Keen to go but you’d prefer to travel in a group? Then book Culture Trip’s five-day Mexico City tour which showcases the best of the city.
The artsy side to Mexico City is well-documented, and the art scene has been steadily on the rise for years now. Currently, some of the best contemporary galleries in the city can be found tucked into the centrally located Roma and, to a lesser extent, Condesa districts. However, if you go further afield you’ll be rewarded by some great finds. Take San Rafael or even the architecture-lovers’ hotspot of San Miguel de Chapultepec; of course, Kahlo’s former haunt Coyoacán goes without saying. Don’t forget about the street art either!
Even though Asia is often considered to have the best street food scene in the world, the street-side offerings in Mexico City are certainly not to be sniffed at. With tacos, tlacoyos and tamales galore, you could spend an entire lifetime exploring the tastes of the capital. However, don’t forget about the gourmet restaurant scene either; Mexico City has some of the finest dining establishments, like Pujol and Padella.
If you’re from the US, or perhaps any Western country, your opinion on Mexico may have been skewed by dangerous political rhetoric. However, a visit to Mexico City will change your perspective on how this misrepresented country is portrayed and give you a chance to see just how amazing it is for yourself. While there are still dangers, as there are in any capital, the good far outweighs the bad.
Mexico City has got nightlife for any age, taste and orientation, from the many gay bars that line the streets of the Zona Rosa, to the fancier, buy-a-bottle nightclubs of the swanky Polanco district. Whether you like reggae, reggaeton or even jazz, you can easily find a spot to wile the night away with a craft beer, cocktail or traditional mezcal.
Speaking of the Mexico City drinking scene, the capital is the ideal location to taste test not just the classics like tequila and mezcal, but also some lesser-known Mexican beverages. We’re of course talking about pulque, the Mesoamerican drink that’s oddly nutritional and sometimes off-puttingly gloopy. Given that it’s practically impossible to export and transport, you can only really find it in the central regions of Mexico, to which Mexico City belongs.
We’ve mentioned the art, but the museums are definitely worthy of a shout-out too – all 150 of them. Mexico City is the capital city with the most museums in the world and they range from the super famous and well-known (think, the Museo Nacional de Antropología) to the far more obscure (like Museo de El Carmen, which houses real life mummies) and even the informational and underrated (the Interactive Economy Museum in the historic centre is not just for kids). Basically, you’ll never be bored in Mexico City.
No guide to why you should visit Mexico City would be complete without mentioning just how affordable it is for the average tourist or traveller. In fact, it’s far and away the cheapest capital city in North America, and you can really stretch your money in Mexico City. While flights from outside the US can be a bit pricier, this initial upfront cost is balanced quickly by the cheap food, affordable accommodation and budget drinking options.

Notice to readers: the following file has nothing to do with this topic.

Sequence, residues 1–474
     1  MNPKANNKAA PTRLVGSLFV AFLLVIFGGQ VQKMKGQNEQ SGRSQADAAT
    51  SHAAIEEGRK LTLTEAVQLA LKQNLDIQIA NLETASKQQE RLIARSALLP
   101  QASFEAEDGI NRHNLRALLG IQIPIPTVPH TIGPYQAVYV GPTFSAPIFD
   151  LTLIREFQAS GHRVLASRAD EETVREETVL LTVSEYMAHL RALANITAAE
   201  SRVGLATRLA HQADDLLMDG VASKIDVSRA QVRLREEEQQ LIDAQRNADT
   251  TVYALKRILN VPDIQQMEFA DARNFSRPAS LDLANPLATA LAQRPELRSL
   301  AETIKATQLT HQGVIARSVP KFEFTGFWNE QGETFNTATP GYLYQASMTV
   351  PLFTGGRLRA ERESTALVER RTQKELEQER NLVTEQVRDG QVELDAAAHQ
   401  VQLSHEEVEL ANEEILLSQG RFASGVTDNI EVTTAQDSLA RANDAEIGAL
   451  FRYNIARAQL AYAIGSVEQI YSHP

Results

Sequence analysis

While we’re on the subject of flying into Mexico City, if you’re lucky enough to be landing there at night (or at least once the sun’s gone down), you’ll get to truly appreciate the vastness of the capital. Twinkling lights stretch as far as the eye can see, crawling up the mountains that hem in the city on all sides. Really, there’s nothing as impressive as coming in to land in Mexico City after dark.
It’s the overwhelming size that lends Mexico City the diversity it has. Most people know that the centre is largely dominated by the sprawl of Bosque de Chapultepec, but few people realise that there are actually tons of national parks within the limits of Mexico City that allow you the chance to escape the rat race. You can hike in Ajusco, explore underrated attractions in Desierto de Los Leones, or relax in Los Dinamos.
If you think you have to slum it in a hostel while in Mexico City, think again. Design hotels are growing in popularity in the Mexican capital. Sparked by a boom in tourism, areas like Polanco, Roma and Condesa are filled to the brim with luxury and boutique accommodation options. There are also further-afield options in Coyoacán, Santa Fe and even the good old historic centre. That’s not to say that Mexico City hostels are bad though! In fact, some of them are incredibly cool.
If you like history and want to experience it in an atmosphere other than that of a museum, then Mexico City is the ideal place to visit. It’s surrounded by some of the most important Aztec, Toltec and Mesoamerican ruins. They include the fantastic Teotihuacán, the towering sculptures of Tula, Hidalgo and the city centre ruins of the Templo Mayor. All easily accessible from or within the capital, they’re world-class for a reason.
Finally, even if you’re not so interested in Mesoamerican pyramids, Mexico City is the perfect base for taking several day trips. You can go down to Taxco, Guerrero, if former colonial silver mining towns are your thing, or you can go climb a mountain in Toluca. Alternatively, escape to Veracruz or pop down into Puebla and Cholula, the town with a church on every corner.